Two crew members were washed up several weeks later and buried on adjacent islands, Schiermonnikoog & Ameland. They were Sgt. Bodycot (Schiermonnikoog) and Sgt. Mitton (Ameland). The remaining 5 crew members including my uncle, have no known grave.

malcolm@latham-ci.com 

 

As a matter of interest, over the last few weeks I have had contact with the persons who look after the archives of the cemeteries on Schiermonnikoog. In the case of Wyb Jan Groendijk, he took over the archives of the Vredenhof cemetery on Schiermonnikoog after the death of the original creator who was involved with burials during and after the war. Gerlof Molenaar on Ameland actually instigated the creation of detailed archives relating the military graves on that island. In doing this (voluntary) work, both men have been able to contact relatives of those identified and have maintained in touch with them.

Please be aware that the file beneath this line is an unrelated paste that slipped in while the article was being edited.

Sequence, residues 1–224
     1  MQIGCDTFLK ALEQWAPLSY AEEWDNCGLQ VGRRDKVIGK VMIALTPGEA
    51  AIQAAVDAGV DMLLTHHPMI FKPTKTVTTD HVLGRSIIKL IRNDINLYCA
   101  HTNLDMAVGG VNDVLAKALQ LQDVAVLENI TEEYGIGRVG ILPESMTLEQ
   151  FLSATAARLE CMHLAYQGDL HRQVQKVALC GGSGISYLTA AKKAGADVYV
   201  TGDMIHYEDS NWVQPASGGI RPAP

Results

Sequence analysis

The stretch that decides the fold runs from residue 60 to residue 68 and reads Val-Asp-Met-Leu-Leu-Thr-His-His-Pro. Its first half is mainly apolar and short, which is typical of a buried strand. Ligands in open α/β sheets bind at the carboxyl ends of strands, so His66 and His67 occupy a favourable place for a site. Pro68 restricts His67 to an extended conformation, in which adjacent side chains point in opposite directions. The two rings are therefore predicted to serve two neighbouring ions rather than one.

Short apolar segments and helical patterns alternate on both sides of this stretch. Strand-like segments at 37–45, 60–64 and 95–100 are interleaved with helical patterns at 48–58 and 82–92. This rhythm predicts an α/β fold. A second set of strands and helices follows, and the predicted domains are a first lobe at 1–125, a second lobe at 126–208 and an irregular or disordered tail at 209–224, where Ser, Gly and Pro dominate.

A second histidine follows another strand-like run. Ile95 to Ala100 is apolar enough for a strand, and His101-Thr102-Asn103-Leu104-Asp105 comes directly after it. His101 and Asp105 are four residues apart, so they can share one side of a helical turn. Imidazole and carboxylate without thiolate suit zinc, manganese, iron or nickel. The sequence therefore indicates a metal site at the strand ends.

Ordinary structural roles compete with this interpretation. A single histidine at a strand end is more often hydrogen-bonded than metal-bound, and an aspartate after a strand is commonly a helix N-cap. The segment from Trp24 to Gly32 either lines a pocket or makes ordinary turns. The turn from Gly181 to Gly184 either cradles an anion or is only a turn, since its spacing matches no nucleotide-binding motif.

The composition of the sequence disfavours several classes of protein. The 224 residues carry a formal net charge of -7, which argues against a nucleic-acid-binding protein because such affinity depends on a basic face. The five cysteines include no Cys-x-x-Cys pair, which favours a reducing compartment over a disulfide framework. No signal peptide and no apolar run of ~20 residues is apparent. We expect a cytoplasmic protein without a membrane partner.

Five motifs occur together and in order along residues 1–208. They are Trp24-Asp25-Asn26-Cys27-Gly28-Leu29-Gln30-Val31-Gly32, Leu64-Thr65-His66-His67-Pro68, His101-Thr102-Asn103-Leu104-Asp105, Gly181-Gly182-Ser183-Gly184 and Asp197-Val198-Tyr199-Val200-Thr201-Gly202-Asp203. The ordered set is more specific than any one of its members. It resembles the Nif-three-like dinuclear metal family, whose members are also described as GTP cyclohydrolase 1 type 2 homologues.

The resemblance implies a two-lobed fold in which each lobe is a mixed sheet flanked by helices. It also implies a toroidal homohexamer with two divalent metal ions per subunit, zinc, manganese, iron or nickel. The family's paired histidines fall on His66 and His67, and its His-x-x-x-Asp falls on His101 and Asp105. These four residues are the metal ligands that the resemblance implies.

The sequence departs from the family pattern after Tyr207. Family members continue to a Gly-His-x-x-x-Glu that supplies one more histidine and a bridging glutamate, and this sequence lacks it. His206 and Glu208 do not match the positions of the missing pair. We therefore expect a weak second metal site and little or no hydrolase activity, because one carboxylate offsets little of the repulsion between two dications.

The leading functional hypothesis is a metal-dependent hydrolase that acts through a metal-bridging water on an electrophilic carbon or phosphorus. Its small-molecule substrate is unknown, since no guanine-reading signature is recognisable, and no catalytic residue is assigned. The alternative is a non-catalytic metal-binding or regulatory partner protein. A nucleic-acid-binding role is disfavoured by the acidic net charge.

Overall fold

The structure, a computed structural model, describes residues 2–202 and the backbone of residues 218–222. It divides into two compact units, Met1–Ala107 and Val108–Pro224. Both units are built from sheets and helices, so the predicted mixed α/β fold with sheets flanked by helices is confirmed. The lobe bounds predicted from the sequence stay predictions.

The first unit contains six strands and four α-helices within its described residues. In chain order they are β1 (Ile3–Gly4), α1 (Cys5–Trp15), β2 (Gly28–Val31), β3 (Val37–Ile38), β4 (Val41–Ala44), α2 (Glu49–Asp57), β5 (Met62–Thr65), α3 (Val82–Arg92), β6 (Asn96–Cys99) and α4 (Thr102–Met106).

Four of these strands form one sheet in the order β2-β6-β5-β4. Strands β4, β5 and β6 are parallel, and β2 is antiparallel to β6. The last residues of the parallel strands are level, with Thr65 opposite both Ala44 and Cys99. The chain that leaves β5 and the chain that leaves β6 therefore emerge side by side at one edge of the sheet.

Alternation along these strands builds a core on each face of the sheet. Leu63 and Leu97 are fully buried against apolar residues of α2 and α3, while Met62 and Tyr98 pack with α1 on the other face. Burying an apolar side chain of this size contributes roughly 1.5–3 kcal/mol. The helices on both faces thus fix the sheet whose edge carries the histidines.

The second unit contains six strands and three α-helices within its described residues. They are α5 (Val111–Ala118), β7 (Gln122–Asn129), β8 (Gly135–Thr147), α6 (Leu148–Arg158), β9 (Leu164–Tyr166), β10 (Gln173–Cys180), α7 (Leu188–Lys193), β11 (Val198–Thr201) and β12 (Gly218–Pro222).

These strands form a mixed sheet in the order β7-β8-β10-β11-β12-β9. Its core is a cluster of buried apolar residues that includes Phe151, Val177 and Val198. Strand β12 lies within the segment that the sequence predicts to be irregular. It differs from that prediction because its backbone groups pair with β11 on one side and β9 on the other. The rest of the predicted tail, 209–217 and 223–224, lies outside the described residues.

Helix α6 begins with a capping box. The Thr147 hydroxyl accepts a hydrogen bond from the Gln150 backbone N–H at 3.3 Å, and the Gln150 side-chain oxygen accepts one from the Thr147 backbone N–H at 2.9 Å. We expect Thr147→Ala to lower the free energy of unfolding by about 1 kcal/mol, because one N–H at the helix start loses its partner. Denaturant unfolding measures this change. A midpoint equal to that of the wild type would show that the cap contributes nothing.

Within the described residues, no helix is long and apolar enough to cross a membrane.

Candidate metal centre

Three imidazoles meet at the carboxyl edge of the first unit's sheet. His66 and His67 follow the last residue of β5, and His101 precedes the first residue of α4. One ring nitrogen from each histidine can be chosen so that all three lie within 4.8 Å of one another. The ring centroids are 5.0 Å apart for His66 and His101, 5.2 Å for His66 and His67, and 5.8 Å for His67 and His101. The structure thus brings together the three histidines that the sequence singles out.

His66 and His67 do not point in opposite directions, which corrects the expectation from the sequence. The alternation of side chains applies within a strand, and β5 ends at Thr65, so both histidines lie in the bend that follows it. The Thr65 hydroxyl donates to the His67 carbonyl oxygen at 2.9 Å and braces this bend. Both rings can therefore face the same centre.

Last weekend I visited Schiermonnikoog and was able to go through the detailed archives of Wyb Jan Groendijk. Yesterday (Monday the 18th of October) after returning from Schiermonnikoog, we travelled to Ameland and met Gerlof Molenaar who gave us a tour of the graves. Like Mr. Groendijk, Mr. Molenaar's knowledge of each grave is outstanding.
The reason for our visit to both islands was to see the graves of the identified and unidentified airmen who were washed up during the same period in 1944. Being an island graveyard, history has meant that many bodies have been washed up on their shores, including quite a number of Dunkirk victims. My particular interest related to two unidentified graves on Schiermonnikoog which may contain crew members of ME589.
Similarly, on Ameland there are two graves of unidentified airmen washed up in 1944. One is buried next to Sgt. Mitton and nearby a grave of an airman who was washed up in November 1944, much later than the others but due to the local currents and winds, it is still possible that it contains a crew member of ME589. It is a known fact that, by 1944, far fewer aircraft were lost in that region.
Best regards,    Malcolm Latham     October 2010

 

See also  our Fresian Islands pages